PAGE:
« Tone at the flick of a switch »Publié le 03/21/11 à 09:48
- Two channels (clean and overdrive) plus footswitchable boost feature.
- Clean channel controls: Bright switch, bass, treble and volume.
- Overdrive channel controls: Bright switch, bass, middle, treble, gain and volume.
- Global controls: Master volume and presence.
- Other features: Tube buffered effects loop and footswitch (channel, boost, optional reverb).
A plug-and-play amp if there ever was one, the Bogner Shiva may be one of the simplest amps available on the market these days. While the older Shivas had the tricky effects loop, this was addressed in the newer models with two outputs for either pedal or rack effects. I used the Shiva with a T.C. Electronic G-Major and never experienced any issues.
The Shiva has a wonderful array of classic and modern tones on tap. The first thing I noticed about this amplifier was the clean channel. I have owned many amplifiers, boutique and otherwise. I can say that, of the amplifiers I have owned, the Shiva has the best cleans. Considering that the amplifier is a channel switcher and runs on EL-34s, this is quite the accomplishment. While the Shiva’s cleans may not be as pristine as amplifiers such as the Fender Twin, the cleans do offer a jangly character that will keep even the most heavy metal-centric player on the channel.
While the cleans are exceptional, the Shiva’s prowess is overdrive. My recommendation for anyone playing the Shiva is to do the old Marshall trick: Set all of the controls at noon (perhaps not the volume) and begin playing. It is my belief that you will have a much harder time finding bad tones present in this amplifier than you will in finding excellent ones. The beauty of the Shiva is that it takes what Marshall did in the ‘70s and ‘80s and adds some modern appointments so that the user can achieve tones ranging from classic rock to heavy metal (the utilization of the boost feature works wonders here).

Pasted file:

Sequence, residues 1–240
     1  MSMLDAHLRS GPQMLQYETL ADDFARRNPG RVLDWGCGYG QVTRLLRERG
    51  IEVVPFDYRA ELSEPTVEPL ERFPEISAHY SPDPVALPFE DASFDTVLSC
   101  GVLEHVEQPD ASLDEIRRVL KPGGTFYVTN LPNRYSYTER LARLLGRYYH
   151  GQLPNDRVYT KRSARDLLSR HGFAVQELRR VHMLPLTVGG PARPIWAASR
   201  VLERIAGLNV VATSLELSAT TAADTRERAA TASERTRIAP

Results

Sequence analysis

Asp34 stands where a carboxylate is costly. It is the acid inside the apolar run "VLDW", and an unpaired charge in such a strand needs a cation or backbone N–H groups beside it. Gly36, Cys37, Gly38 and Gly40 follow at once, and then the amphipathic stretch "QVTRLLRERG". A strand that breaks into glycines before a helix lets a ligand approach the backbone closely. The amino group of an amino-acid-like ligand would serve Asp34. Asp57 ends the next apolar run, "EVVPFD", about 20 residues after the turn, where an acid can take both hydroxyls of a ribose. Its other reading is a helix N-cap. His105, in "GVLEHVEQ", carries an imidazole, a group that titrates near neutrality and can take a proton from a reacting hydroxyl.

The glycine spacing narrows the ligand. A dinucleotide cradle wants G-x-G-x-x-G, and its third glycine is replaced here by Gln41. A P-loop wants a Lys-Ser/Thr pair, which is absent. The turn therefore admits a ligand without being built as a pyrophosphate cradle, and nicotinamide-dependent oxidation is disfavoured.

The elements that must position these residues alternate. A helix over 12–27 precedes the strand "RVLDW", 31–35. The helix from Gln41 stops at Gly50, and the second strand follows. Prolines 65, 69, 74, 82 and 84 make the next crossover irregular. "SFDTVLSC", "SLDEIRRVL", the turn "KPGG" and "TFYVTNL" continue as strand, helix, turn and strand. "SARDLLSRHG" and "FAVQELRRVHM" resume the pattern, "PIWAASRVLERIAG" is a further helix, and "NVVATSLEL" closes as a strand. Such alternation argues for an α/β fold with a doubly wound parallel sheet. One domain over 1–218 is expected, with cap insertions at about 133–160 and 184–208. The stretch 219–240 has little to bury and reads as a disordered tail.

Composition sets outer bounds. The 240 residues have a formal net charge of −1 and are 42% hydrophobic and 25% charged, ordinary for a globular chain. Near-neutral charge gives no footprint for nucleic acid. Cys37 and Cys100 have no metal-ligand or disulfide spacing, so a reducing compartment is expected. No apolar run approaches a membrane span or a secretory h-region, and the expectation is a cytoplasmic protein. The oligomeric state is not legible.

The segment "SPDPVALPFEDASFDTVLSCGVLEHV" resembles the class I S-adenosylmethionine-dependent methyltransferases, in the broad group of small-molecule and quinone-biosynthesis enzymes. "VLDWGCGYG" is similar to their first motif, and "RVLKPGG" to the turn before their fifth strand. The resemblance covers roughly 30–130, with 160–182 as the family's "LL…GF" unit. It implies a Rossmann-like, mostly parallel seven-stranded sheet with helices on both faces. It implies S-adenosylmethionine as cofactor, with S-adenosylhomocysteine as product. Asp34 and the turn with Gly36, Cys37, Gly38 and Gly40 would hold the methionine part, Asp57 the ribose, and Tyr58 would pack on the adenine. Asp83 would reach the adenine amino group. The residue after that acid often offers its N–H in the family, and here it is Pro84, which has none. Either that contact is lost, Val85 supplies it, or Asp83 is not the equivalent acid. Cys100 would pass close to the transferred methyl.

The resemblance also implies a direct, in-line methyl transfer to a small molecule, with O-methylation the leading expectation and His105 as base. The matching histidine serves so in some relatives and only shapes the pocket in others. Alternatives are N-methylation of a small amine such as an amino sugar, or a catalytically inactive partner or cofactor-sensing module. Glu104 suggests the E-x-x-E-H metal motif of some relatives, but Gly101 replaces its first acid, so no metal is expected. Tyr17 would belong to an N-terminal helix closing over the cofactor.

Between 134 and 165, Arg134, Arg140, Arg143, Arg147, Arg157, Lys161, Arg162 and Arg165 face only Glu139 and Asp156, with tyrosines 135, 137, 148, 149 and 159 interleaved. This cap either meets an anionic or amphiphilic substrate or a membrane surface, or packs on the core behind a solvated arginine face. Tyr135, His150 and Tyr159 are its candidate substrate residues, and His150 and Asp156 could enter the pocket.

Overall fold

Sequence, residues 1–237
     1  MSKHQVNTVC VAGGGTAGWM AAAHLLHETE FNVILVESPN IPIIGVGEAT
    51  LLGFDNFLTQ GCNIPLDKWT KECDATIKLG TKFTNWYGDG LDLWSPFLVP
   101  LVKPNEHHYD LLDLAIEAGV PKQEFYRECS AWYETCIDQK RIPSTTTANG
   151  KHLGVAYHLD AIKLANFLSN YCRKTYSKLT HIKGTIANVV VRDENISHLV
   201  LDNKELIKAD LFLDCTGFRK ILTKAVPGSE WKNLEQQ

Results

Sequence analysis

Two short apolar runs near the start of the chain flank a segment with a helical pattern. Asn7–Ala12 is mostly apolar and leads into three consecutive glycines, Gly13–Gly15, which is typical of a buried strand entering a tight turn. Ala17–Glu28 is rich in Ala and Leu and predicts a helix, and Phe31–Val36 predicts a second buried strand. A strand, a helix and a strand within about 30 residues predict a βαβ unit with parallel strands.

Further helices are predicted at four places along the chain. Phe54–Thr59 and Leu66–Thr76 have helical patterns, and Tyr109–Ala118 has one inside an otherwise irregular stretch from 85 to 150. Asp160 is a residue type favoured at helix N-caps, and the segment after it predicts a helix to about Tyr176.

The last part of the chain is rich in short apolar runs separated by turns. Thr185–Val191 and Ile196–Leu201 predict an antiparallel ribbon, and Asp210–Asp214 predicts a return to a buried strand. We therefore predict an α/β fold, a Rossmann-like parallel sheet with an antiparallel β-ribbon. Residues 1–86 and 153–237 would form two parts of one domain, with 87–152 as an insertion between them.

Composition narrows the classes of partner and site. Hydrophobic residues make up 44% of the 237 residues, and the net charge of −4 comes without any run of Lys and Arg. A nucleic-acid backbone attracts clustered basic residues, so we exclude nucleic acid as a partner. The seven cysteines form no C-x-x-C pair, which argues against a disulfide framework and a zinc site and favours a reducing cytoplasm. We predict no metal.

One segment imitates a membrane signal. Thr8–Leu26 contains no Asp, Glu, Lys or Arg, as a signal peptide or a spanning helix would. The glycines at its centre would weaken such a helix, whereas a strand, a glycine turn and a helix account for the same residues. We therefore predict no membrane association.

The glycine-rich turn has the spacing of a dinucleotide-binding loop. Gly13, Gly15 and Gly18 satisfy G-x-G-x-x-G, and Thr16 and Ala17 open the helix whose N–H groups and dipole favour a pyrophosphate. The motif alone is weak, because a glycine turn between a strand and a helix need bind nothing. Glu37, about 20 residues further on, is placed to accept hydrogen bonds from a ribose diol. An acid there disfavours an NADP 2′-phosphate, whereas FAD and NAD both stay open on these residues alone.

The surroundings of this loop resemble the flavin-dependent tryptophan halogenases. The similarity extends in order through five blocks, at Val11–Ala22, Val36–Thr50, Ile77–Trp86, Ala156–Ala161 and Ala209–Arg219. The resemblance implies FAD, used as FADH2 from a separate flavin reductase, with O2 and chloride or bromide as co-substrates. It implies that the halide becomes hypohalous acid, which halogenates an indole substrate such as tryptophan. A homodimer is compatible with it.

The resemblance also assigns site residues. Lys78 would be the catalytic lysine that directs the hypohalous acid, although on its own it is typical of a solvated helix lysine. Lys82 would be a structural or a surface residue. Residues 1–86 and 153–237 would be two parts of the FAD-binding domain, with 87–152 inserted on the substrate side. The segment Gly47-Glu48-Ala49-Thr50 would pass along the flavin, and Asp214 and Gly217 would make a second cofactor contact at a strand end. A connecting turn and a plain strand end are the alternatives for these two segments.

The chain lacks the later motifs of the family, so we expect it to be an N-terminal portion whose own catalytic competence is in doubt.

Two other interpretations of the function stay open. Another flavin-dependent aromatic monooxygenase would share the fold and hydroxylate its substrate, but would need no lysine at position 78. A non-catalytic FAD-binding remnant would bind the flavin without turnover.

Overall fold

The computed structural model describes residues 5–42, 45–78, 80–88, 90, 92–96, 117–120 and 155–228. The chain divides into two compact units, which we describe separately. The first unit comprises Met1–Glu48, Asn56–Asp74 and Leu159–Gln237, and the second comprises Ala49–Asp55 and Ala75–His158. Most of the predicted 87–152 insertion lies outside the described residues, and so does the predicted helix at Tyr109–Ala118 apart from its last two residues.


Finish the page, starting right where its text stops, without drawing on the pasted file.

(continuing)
One thing is constant, though: Swirling notes. It is hard to describe, but the Shiva has a midrange character that results in what sounds like a light swirling of each note and chord that creates a very harmonically rich tone. Also, if you are like me and dislike Celestion Vintage 30s with most amps, you should try them with the Shiva. I used the Shiva in conjunction with a Bogner Oversized 2x12 loaded with Vintage 30s and I must say that my impression of the Vintage 30 speaker changed immediately.
Let me begin this section with a little story. After approximately six months, I began noticing a microphonic ringing that would start after thirty minutes of play. Thinking this was a tube issue, I purchased a new duet of SED Winged C EL-34s (Bogner’s recommendation to handle the high voltages of the Shiva) and several Chinese 12AX7s. I replaced the original tubes and biased the amplifier, but to no avail: The ringing was still present. I brought the amplifier to my trusted amplifier technician who found a microphonic component in the footswitch’s power supply. Fortunately, the guys at Bogner were very helpful in diagnosing this problem and mailed a new power supply out to my tech very quickly. This new supply did the trick and I never heard the ringing again.
While I was not happy with the fact that a $2,000 amplifier had an issue so early on, the guys at Bogner were extremely helpful and made the whole situation a breeze. You could say that an experience such as this would leave someone displeased; however, Bogner cannot control what happens to an amplifier after it leaves one of their dealers. All that Bogner can control is customer service, and they do very well. Between the quality of the amplifier and the quality of the people at Bogner, I am a very happy customer.